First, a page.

When I tell people I’m a Reiki master, usually one of two things happen. The first response is typically, “Oh! I’ve always wanted to try that! I’ve heard it’s amazing!” And the second response is, “Do you really believe in that horseshit?” Let’s address the horseshit reaction.
Reiki (pronounced ray-key) is an ancient healing practice that originated in Tibet. We know that because of some references in scripts and some paintings depicting hands-on healing types of situations. It bounced all around Asia for millennia and then landed in Japan in the 1920s, where it was given an overhaul and, in the Japanese tradition, some formality and structure. It came to the US shortly thereafter and has grown immensely in popularity in the last hundred years or so. As a Reiki master, which means I received the highest level of training (I’m very la tee da), I can’t tell you exactly how it works. I would love to whip out a graph and some sciency sounding data that supports the concept that I can help people heal themselves just by touching them. That, unfortunately, does not exist. But having administered hundreds of healing sessions over the past several years, I can tell you that it works.
I am as big a skeptic as anyone else, I assure you. I actually took my Reiki I certification class in an effort to debunk the system. Surprising to me, Reiki seemed to help the people I worked with and so I continued my education to the master level, always with a bit of skepticism in the back of my head. I spent two years volunteering in an outpatient holistic cancer treatment center and I know this to be true: the people I worked with, week after week, started to feel better. I am in NO way saying I cured their cancer. Far from it. But our sessions yielded noticeable results when it came to managing their nausea, pain, and sleeplessness.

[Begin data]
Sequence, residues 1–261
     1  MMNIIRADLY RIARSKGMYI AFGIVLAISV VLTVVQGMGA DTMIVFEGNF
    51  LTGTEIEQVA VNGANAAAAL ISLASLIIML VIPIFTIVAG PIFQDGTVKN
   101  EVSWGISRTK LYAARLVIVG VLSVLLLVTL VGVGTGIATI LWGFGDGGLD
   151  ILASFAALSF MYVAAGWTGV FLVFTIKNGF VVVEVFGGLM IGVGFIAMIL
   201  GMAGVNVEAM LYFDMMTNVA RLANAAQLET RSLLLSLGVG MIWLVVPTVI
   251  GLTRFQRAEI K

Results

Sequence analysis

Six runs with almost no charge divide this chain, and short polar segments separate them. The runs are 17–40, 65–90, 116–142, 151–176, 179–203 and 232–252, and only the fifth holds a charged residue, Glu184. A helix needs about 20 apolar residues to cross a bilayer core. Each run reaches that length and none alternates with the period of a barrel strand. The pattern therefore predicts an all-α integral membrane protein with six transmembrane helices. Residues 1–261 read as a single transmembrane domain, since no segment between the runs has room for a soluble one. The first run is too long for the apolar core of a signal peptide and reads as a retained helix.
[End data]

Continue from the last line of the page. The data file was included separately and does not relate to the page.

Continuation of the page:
To be completely candid and vulnerable, I will admit that there have been many times when I questioned if Reiki was really a “thing,” or if I was just buying into the hippy, woo woo shit that is so in vogue these days. But every time I doubt myself, I flash back to all my lovely clients, and see the peace and relaxation their sessions have brought to their lives. I remember doing a session with my mother, an even bigger skeptic than I, where I worked on the arthritis in her neck and she has not had a twinge of pain since then. That was five years ago.
So back to the horseshit. All I can say is this: take a leap of faith that there are some things we can’t experience with our five precious senses in this world. You don’t have to believe it’s real to get the benefits of a session. You just have to be able to suspend your disbelief and open yourself to the chance that there really is some magic in the world.
A native of Las Vegas, Nevada, Elizabeth Marshall is the founder of Rise Wellness. Dedicated to all aspects of health and wellness, Elizabeth is a yoga instructor, Pilates trainer, and Reiki Master. Rise Wellness is located on the fourth floor of the old Custom House in Portland.